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'Retard doll' shocks Swedish shoppers

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'Retard doll' shocks Swedish shoppers
16:28 CEST+02:00
A doll billed as a "real retard" found its way into stores in Gothenburg in western Sweden on Thursday, prompting strong reactions about a campaign meant to draw attention to the treatment of people with disabilities.

"Treat her like a real retard," reads the packaging of the doll, created by the Gothenburg Cooperative for Independent Living (Göteborgskooperativet för independent living – GIL).

"She doesn't swear, have sex, drink, or poop. So much better than a normal retard."

According to the group, a non-profit which provides personal assistants to people with disabilities so they can live independently, the doll is meant to stimulate thinking about how people think about and treat disabled people in Sweden.

"Most often people say things like, 'Oh, it's so great that you buy your own food!'. It makes you feel like you're seen like a total idiot," GIL's Anders Westgerd said in a statement.

According to Westgerd the controversial doll, which was placed shops around Gothenburg on Thursday, is meant to create a debate around the sometimes condescending approach taken toward disabled people.

"It's often those who say they aren't prejudiced who suffer the most moral panic because of the doll. They are often the people who treat people with disabilities with an exaggerated kindness," he told the TT news agency.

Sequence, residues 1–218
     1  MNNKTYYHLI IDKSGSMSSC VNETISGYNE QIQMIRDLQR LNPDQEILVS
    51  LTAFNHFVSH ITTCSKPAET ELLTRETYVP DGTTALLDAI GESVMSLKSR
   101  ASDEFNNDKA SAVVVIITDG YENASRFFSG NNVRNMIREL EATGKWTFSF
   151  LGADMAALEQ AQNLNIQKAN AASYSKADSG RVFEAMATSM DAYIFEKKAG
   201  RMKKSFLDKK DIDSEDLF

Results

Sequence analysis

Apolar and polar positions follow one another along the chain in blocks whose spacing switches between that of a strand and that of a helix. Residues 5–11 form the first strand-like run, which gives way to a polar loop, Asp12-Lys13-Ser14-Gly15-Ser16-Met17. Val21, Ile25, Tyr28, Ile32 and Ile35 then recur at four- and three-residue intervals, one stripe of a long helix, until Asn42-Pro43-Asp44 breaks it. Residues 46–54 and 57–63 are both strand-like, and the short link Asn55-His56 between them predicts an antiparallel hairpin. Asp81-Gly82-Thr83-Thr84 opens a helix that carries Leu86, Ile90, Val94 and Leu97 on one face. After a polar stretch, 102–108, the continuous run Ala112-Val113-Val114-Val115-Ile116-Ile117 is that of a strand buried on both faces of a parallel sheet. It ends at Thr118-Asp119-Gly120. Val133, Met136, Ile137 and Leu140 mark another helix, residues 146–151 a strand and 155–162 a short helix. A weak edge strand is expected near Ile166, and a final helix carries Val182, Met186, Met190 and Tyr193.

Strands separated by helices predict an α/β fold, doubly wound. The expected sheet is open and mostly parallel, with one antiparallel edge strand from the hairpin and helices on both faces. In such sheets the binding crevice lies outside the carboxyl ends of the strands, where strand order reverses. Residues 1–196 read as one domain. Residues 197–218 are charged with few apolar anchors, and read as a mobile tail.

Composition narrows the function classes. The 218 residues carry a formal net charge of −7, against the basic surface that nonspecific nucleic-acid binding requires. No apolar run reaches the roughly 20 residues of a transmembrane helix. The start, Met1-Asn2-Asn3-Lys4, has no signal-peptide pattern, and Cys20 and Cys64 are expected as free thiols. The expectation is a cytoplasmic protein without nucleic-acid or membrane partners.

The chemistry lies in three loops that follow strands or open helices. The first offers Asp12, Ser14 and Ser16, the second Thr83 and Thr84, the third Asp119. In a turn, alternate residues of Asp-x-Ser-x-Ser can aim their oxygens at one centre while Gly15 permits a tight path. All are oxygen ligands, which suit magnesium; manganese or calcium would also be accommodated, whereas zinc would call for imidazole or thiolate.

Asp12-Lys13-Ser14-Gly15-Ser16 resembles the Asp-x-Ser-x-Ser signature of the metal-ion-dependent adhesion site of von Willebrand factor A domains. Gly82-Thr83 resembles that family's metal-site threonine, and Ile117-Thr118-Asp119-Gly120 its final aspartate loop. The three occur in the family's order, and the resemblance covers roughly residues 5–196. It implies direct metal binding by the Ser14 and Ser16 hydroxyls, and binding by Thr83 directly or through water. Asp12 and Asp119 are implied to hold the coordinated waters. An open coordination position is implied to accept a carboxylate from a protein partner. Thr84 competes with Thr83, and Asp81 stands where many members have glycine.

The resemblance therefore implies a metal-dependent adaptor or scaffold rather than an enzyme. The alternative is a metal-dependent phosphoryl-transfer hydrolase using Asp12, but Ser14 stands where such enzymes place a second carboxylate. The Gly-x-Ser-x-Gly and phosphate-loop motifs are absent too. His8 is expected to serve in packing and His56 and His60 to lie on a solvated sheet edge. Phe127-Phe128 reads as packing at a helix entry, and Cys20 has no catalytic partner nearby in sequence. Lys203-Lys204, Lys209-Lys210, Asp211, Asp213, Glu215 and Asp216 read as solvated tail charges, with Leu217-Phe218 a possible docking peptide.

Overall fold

The doll, called "CP-docken" in Swedish (literally 'The Cerebral Palsy Doll'), relies on "CP", a Swedish insult roughly equivalent to "retard" in English.

According to GIL, the doll was made to appear as if it had clear signs of cerebral palsy and wasn't meant to be "cute" at all.

"We're not cuter than anyone else. We're just as stupid, smart, confident, horny and happy as you are," Westgerd said in a statement.

"We are people just like everyone else. Treat us that way. If you have an overwhelming need to be cuddly with a retard, you can buy a doll from us instead."

Despite the group's goals to spark a debate, some passersby in Gothenburg found the doll off-putting.

"It's ugly and scary. We have disabled people in our family and we aren't cutesy with them," Rosanna Muller and David Sokolowski told the Göteborgs Tidning (GT) newspaper.

"It's simply negative. People come by and just laugh and see the whole thing as a joke."

TT/David Landes

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